2D barcodes store data horizontally and vertically so more data can be encoded in a much smaller space for better error correction. Examples include data matrix (Consists of any type of data including binary or alphanumeric and be up to 3116 bytes in length), aztec (Consists of any type of data including binary or alphanumeric and be up to 3750 bytes in length), maxicode (Holds up to 93 alphanumeric characters or 138 numeric digits) and QR Code (Consist of any type of data including binary or alphanumeric and be up to 7089 bytes in length).
1D symbologies encode data horizontally along with barcode and can store a limited amount of information (around 85 characters maximum but typically much less, depending on the code type). As more data is encoded, the barcode becomes wider.
2D symbologies have a two-dimensional way of representing data and can store a greater amount of information (hundreds of characters) compared to a 1D code. As more data is encoded, the size of the barcode can be increased in both the horizontal and vertical directions, thus maintaining a manageable shape for easy scanning. To properly decode the data, a scanner must read the entire symbol, in both dimensions.
Determining the best barcode symbology depends on the type and amount of data required, and the marking space available. The same symbology is not required for all items, because barcode readers can recognize and decode multiple barcode formats. There are more than 200 barcode symbologies, but only a few are appropriate for unit-dose identification. The three leading symbologies for unit-of-use labeling are Code 128, Code 39, and the reduced space symbology (RSS) family. Below are overviews of the main symbologies:
One of the densest linear symbologies, encodes the full 128-character ASCII character set. Code 128 is a variable-length symbology, so symbols can be as long as necessary to encode required data.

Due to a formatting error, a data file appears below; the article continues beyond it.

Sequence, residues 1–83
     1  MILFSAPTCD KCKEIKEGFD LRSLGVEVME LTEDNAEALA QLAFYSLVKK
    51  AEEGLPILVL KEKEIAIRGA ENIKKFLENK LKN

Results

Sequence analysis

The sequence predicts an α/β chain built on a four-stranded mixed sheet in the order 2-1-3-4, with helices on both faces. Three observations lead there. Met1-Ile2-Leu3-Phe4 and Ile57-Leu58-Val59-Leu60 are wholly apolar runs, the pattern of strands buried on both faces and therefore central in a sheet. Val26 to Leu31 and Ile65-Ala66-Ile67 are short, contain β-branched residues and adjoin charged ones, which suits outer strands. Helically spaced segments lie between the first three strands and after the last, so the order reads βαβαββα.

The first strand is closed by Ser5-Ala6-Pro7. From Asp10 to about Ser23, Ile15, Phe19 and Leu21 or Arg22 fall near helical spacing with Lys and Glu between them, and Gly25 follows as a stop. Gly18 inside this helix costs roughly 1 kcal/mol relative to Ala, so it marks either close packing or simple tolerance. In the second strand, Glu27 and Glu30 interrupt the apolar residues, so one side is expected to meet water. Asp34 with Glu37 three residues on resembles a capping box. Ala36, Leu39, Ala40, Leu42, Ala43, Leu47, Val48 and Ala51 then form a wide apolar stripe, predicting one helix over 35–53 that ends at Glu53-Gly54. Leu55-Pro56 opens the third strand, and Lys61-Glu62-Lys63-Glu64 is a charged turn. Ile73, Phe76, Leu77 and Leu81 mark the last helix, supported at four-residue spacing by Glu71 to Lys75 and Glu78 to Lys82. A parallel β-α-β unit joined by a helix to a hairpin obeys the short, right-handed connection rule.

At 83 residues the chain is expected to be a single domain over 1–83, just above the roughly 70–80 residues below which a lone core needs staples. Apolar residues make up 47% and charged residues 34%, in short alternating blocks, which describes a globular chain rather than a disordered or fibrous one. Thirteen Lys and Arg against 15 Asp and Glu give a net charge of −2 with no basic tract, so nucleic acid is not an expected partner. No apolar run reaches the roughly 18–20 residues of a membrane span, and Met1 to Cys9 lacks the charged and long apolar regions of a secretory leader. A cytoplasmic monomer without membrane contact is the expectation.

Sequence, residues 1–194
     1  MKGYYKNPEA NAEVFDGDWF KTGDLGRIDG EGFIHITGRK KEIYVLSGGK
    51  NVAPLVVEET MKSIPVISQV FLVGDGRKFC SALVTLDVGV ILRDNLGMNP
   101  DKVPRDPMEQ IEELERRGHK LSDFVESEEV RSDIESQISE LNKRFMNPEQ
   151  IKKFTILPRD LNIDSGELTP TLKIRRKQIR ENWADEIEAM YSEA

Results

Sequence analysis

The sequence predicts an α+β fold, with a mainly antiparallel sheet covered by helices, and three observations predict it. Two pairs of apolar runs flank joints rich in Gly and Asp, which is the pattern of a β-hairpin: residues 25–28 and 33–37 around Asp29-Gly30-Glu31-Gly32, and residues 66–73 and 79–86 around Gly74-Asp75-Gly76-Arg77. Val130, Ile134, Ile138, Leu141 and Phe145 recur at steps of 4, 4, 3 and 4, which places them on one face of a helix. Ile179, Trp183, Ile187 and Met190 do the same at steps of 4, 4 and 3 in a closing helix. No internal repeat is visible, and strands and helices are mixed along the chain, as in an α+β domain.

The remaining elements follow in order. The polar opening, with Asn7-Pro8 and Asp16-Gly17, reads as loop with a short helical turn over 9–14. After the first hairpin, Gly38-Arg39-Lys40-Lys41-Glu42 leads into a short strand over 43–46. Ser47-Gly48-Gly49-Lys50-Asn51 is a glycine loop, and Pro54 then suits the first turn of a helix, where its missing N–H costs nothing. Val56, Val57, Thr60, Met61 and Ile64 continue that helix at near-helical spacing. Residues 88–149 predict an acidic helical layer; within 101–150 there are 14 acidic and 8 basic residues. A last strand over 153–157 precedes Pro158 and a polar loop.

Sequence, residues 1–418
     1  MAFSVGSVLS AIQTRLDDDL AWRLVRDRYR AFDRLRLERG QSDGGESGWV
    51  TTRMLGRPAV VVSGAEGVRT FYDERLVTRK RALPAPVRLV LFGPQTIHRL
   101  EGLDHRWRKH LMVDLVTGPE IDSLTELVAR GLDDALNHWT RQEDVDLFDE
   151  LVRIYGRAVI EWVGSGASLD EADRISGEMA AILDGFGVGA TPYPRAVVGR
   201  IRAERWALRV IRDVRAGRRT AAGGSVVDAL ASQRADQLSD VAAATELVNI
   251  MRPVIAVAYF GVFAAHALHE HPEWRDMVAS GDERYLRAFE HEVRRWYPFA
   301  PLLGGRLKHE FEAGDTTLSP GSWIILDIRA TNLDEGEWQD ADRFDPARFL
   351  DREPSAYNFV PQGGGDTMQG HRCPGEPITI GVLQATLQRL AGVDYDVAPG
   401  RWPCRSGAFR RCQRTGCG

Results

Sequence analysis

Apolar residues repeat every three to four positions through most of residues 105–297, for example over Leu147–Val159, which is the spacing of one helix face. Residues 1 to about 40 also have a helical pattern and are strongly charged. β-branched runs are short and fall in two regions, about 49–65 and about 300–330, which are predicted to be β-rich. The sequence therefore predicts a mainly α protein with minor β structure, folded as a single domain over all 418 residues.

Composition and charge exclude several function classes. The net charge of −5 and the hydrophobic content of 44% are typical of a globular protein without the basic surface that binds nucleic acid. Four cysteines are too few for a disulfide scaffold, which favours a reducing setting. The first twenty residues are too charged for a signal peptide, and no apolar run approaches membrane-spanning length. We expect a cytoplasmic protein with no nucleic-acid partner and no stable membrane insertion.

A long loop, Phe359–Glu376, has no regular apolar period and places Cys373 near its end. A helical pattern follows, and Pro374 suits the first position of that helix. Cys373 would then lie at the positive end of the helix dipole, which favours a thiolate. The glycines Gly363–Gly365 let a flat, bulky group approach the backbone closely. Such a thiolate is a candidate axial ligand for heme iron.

Also called code 3 of 9, it is one of the oldest and most widely used symbologies. It is a variable-length alphanumeric symbology for encoding 26 capital letters plus numerals and seven special characters. An extended version is available that supports all 128 ASCII characters. Code 39 is less dense than Code 128, thus requiring more room on the package.
The RSS family of symbologies finds use in limited-space applications. RSS-14 is an all-numeric symbology that is the leading option for unit-of-use pharmaceutical marketing, and is also used on wristbands. RSS stacked is an alphanumeric symbology providing additional data capacity by stacking a series of RSS symbols. Other symbologies in the RSS family, including RSS Truncated and RSS Composite, provide options for additional space savings and data capacity.
Although not applied by manufacturers because it is a 2D symbology, it has a legacy of use in medication administration and other healthcare applications. Laser scanners cannot read data matrix, but other types of barcode readers and label printers support the format.
A 2D symbology that resembles a series of small linear codes stacked upon each other. PDF417 offers high data capacity in a realtively small space, enabling the encoding of up to 2,000 alphanumeric characters encoded, although symbols printed for unit-dose sizes would hold considerably fewer. PDF417 is a popular option for wristbands when organizations require information beyond the patient name or ID number.
A 2D matrix symbology containing from 13 to 3,832 numeric characters or 12 to 3,067 alphabetic characters. Aztec mesas are aztec code-based supplements that enable linear barcode symbols to encode additional information. The resulting symbol is a composite of linear and 2D symbologies.